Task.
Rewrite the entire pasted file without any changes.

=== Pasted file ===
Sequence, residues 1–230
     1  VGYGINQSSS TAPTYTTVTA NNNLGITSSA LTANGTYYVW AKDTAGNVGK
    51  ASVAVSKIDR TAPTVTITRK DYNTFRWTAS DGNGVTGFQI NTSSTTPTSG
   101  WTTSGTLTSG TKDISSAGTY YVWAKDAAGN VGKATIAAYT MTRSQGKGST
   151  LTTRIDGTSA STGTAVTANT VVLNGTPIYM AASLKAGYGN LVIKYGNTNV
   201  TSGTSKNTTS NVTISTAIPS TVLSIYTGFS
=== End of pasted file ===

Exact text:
Sequence, residues 1–230
     1  VGYGINQSSS TAPTYTTVTA NNNLGITSSA LTANGTYYVW AKDTAGNVGK
    51  ASVAVSKIDR TAPTVTITRK DYNTFRWTAS DGNGVTGFQI NTSSTTPTSG
   101  WTTSGTLTSG TKDISSAGTY YVWAKDAAGN VGKATIAAYT MTRSQGKGST
   151  LTTRIDGTSA STGTAVTANT VVLNGTPIYM AASLKAGYGN LVIKYGNTNV
   201  TSGTSKNTTS NVTISTAIPS TVLSIYTGFS